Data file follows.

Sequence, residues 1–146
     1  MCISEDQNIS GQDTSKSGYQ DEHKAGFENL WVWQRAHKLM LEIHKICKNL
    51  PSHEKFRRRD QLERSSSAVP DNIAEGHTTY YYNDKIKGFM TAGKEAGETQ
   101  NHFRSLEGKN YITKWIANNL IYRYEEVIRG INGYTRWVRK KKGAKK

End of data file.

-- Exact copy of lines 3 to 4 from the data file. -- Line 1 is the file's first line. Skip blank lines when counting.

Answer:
    51  PSHEKFRRRD QLERSSSAVP DNIAEGHTTY YYNDKIKGFM TAGKEAGETQ
   101  NHFRSLEGKN YITKWIANNL IYRYEEVIRG INGYTRWVRK KKGAKK